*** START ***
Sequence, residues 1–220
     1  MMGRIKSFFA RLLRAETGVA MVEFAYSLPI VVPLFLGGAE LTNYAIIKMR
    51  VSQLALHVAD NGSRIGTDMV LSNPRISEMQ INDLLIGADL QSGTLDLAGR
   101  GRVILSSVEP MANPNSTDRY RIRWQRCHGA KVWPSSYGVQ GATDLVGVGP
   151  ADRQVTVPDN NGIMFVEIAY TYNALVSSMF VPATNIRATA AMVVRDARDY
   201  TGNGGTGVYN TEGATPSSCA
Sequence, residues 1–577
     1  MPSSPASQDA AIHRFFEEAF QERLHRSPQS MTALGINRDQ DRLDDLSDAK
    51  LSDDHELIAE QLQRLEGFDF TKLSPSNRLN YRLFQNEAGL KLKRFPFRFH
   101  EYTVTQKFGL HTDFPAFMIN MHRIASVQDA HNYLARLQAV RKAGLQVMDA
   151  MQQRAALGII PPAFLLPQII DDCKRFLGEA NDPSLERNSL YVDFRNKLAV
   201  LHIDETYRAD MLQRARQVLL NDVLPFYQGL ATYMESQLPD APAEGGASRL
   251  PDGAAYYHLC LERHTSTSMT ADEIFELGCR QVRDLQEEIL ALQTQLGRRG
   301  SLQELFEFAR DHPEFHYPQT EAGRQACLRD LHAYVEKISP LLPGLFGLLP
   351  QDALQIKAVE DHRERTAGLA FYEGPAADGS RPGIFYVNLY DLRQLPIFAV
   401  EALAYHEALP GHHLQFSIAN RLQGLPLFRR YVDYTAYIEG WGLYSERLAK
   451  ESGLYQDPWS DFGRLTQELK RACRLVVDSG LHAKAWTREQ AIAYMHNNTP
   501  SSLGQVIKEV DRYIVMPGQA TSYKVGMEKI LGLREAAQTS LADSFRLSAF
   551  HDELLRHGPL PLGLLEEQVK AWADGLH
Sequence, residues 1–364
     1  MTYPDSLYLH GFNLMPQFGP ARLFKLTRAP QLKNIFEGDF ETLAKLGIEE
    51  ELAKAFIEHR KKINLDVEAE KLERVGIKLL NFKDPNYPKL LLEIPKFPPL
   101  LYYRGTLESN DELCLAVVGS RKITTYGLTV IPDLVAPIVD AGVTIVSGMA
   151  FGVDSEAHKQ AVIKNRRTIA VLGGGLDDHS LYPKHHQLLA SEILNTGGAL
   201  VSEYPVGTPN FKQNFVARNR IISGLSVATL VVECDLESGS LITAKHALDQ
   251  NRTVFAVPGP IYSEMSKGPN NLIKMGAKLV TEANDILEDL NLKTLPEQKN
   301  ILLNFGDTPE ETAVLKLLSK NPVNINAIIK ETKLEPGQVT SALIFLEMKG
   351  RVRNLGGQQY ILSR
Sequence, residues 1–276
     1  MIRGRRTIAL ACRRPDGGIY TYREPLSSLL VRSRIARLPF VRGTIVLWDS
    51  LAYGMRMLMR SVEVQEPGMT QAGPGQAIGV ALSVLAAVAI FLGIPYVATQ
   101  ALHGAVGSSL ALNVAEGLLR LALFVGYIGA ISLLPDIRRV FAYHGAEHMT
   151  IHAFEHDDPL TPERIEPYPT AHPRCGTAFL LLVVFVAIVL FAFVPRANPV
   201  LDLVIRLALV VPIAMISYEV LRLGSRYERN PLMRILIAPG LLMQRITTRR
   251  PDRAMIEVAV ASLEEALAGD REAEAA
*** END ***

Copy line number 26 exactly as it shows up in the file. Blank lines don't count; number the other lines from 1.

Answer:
   251  NRTVFAVPGP IYSEMSKGPN NLIKMGAKLV TEANDILEDL NLKTLPEQKN